The Orange County Fire Authority (OCFA) continues to assist in Northern California as the fires persist, causing local hospitals and all national forests to temporarily close.
Five fire engines, a helicopter, and 22 firefighter personnel are stationed fighting the Dixie Fire, which is 52 percent contained as of Sept. 1. Other command positions from the OCFA are assisting behind the scenes to support the blazes up north.
“We have people at the French fire, Caldor fire, Dixie fire, [and the] McFarland fire,” OCFA spokesman Sean Doran told The Epoch Times. “People have been in and out of those fires that are all over the state.”
Every 14 days, the crew up north rotates with another OCFA crew and is expected to continue until their resources are no longer needed, Doran said.
As of Sept. 1, the Dixie and Caldor fires are the largest blazes in the state, burning over 1 million acres combined.
With the Caldor fire nearly 20 percent contained and progressing toward the Lake Tahoe basin, medical offices have been ordered to close, including Barton Health.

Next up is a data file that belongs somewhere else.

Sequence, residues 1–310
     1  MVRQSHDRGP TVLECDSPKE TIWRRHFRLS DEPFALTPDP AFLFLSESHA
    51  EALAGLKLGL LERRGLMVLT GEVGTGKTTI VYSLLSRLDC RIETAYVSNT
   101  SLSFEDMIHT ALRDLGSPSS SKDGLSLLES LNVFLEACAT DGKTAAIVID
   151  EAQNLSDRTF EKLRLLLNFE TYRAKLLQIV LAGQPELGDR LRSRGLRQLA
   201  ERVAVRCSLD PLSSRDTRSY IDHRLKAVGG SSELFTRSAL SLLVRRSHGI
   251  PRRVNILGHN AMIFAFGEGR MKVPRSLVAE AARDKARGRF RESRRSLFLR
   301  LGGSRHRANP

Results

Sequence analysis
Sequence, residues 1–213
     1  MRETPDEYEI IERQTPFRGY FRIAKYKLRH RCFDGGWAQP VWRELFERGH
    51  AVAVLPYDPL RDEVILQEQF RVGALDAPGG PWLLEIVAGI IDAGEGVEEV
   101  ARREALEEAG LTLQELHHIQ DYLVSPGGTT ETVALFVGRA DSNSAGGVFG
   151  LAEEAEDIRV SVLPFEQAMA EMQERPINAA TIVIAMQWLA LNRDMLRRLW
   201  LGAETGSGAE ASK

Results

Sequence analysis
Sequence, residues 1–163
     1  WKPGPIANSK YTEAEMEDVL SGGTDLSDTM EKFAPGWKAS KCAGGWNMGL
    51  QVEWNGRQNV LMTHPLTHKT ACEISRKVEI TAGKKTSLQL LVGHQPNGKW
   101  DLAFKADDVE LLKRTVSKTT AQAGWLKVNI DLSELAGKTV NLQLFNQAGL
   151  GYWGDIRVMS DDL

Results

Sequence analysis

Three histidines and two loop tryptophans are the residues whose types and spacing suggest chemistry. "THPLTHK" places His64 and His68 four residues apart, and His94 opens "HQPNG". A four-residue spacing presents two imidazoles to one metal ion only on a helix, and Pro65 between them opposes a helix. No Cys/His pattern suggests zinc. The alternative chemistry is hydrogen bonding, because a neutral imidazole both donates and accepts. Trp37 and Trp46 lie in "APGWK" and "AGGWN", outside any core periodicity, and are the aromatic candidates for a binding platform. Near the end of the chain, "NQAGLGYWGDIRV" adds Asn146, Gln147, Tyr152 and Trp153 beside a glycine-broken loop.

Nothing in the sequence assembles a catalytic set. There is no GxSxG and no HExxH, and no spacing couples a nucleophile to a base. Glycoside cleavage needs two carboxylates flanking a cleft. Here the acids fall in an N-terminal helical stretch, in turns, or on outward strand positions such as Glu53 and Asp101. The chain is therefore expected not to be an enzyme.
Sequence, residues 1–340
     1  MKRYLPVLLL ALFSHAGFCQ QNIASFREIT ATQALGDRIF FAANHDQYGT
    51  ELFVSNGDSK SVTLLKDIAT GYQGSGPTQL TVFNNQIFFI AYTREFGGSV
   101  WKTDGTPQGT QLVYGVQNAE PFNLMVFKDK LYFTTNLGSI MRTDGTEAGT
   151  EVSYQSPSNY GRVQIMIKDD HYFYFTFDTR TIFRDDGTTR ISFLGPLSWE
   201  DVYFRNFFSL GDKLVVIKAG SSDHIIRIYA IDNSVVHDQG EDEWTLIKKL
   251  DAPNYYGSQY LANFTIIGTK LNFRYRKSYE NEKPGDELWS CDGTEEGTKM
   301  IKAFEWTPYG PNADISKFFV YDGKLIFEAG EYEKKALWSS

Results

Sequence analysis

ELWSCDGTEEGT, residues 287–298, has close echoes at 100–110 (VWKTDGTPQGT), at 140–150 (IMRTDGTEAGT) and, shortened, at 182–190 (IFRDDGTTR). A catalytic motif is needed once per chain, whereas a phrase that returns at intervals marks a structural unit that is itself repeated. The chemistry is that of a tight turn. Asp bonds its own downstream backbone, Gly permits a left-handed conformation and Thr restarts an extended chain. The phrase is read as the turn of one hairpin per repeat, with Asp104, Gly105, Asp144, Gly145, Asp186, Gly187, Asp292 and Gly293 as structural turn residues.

“Barton Memorial Hospital patients have been transferred to regional partner facilities and their families have been notified,” Barton Health said in a Sept. 1 statement.
The medical offices are scheduled to remain closed until at least Sept. 3 as evacuation warnings are continuing in El Dorado, Douglas, Alpine, and Amador County.
The U.S. Department of Agriculture Forest Service ordered all national forests in California to temporarily close until Sept. 17.
“We do not take this decision lightly but this is the best choice for public safety,” Regional Forester Jennifer Eberlien said in an Aug. 30 statement. “It is especially hard with the approaching Labor Day weekend when so many people enjoy our national forests.”
The national forest closures will limit the chances of a new potential fire while protecting visitors from becoming entrapped during emergency circumstances.